How might Harry’s past affect how he is as a partner and parent today?

The first three parts of the Duke and Duchess of Sussex’s bombshell documentary have dropped on Netflix, with Harry talking about growing up with his mother Diana, Princess of Wales.

While Harry says he internally blocked out many memories of his mother – who died in a car crash when he was 12 – he does remember the intense media scrutiny she lived through.

“I saw things, I experienced things, I learned things – the pain and suffering of women marrying into this institution,” he says in the first instalment of the six-part series, directed by Oscar-nominated Liz Garbus.

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Seeing their mother in pain would have had an effect on both Harry and his brother, the Prince of Wales, suggests BACP therapist Lindsay George, who has not met the couple.

“The impact on the boys at that particular time would have been huge, because their mum is their primary carer, she would’ve been the nurturer,” she explains, suggesting it would have had a particular effect because of their gender.

“Boys come from a place of wanting to protect, so it would have been quite traumatic for them growing up, seeing their mum distressed.

“There would have been a lot of confusion around that, in how his mum could be treated like that, or how his dad is not quite as emotionally available. So there’s often a response to that as a child, because we need to make sense of things.”

For George, what Harry experienced as a youngster would go on to shape his role as a partner, as “our relationships essentially start in our family, and that becomes our blueprint for our romantic relationships at a later stage”.

Harry with his mother in 1995
Harry with his mother in 1995 (Martin Keene/PA)

She suggests control would go on to become a major issue for Harry.

“The only way we can control those feelings [as a child] is to control it in our present day,” she explains. “So he would have naturally gravitated towards women that he could protect.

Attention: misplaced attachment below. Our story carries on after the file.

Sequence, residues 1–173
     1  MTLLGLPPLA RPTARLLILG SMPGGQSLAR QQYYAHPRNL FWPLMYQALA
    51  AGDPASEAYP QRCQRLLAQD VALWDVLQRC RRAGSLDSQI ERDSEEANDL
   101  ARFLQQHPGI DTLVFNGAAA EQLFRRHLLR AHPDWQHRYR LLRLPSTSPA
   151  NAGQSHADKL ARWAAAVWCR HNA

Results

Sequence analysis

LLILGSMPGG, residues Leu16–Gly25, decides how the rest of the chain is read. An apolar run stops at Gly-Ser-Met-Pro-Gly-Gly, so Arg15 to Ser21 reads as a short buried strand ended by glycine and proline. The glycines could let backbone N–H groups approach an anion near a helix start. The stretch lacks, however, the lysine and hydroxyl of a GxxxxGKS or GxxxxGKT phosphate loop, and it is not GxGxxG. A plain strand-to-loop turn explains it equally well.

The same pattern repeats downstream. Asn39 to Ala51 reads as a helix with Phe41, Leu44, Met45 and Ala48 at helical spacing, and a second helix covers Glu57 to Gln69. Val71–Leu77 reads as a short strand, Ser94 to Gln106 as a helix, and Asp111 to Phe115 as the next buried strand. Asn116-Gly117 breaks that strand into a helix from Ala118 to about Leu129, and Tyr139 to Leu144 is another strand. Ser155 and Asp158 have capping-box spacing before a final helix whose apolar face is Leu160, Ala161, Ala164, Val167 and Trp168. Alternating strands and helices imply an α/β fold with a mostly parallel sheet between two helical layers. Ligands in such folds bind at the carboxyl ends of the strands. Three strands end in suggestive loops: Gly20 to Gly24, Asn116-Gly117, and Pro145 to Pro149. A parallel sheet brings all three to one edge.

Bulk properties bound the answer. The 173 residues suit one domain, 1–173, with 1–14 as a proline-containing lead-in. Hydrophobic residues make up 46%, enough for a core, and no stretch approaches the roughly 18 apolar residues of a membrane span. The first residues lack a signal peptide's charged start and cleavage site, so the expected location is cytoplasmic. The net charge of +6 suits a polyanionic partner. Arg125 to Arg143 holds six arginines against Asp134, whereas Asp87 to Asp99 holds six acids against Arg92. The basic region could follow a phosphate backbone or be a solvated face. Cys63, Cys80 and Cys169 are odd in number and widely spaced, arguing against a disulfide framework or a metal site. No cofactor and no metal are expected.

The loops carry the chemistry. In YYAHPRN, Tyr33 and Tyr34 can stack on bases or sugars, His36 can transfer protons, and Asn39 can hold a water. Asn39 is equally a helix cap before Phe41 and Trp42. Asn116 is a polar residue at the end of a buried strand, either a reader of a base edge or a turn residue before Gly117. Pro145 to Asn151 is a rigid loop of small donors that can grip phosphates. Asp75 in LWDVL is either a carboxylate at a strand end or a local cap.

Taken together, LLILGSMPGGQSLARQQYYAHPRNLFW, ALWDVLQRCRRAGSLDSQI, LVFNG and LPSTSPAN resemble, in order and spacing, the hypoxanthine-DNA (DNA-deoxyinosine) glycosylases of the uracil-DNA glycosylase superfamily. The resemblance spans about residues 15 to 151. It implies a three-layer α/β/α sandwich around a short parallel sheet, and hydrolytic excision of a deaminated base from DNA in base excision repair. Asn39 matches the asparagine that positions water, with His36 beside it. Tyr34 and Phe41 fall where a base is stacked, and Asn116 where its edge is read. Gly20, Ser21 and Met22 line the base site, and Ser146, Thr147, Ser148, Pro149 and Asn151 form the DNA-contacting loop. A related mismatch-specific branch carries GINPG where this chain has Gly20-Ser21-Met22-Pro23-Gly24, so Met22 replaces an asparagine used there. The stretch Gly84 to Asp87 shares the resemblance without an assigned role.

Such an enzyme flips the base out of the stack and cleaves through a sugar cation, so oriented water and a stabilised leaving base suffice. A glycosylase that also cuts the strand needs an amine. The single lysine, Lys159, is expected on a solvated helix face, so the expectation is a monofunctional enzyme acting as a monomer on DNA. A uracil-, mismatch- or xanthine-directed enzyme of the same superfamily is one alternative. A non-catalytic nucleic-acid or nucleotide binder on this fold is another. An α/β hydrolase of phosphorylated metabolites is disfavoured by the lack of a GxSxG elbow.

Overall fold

“And he would have wanted to try and separate himself from the stereotypical ‘male’ of the royal family – emotionally unavailable, the stoic, don’t deal with your feelings, carry on regardless kind of thing.

“And for him, it sounds like his mental health over a period of years suffered, because he didn’t quite know how to identify himself.

“So trauma lives on, in relation to how he is in his romantic relationships, how he behaves and how protective he is of Meghan.”

George believes this desire to protect can be clearly seen when Harry announced he and Meghan were stepping back as senior members of the royal family in January 2020.

“That’s him taking control of the situation and saying, ‘This isn’t right, I’m not putting up with this. I can’t allow my wife to be treated like my mother’. So there’s that attachment of looking at his wife, making sure it doesn’t happen to her and extricating himself from the situation – and her and his children, because he’s creating a completely different path.”

Duke and Duchess of Sussex
The documentary is giving a behind-the-scenes look at Harry and Meghan’s relationship (Duke and Duchess of Sussex/Netflix/PA)

In one of the key moments of the documentary, Harry says: “She sacrificed everything that she ever knew, the freedom that she had, to join me in my world, and then pretty soon after that I end up sacrificing everything that I know to join her in her world.”

This is an example of the united front the Sussexes put forward, according to George: “Because they come from a place of equals, which is a really different place to what he was brought up as.”

George also said Harry’s past hasn’t just shaped who is he as a partner, but could also have an impact on his parenting style in raising Archie, three, and Lilibet, one.

In the documentary, Harry and Meghan talk about how they are both products of divorce, with the duchess saying: “There’s so much from anyone’s childhood that you bring with you into the present. Especially when you’re the product of divorce.”

Harry adds: “What’s most important to the two of us is to make sure that we don’t repeat the same mistakes that perhaps our parents made.”

The Sussexes with baby Archie
The couple are parents to Archie and Lilibet (Dominic Lipinski/PA)

“I think he is much more emotionally available to his children,” George says. “I think he’s much more hands-on. And I think that is because he would have wanted that for himself, and at times didn’t get that from his own dad.

“We often stand on the shoulders of our own parenting, and we decide we’re not going to be like our parents – we’re going to be better than our parents. Everybody does that naturally.”

George suggests a major reason the couple have released this controversial documentary is for Archie and Lilibet.

“They’re role models for their own children. There’s something really important there, which is they want to be perceived by their children as good parents.

“They want to be perceived in a way that they see themselves, which is as a strong, emotionally available couple – and that’s different to how his mum and dad were, because they were very separate, and they were very disconnected.”

George recommends looking at the BACP’s couples collective booklet for advice on how to navigate relationships.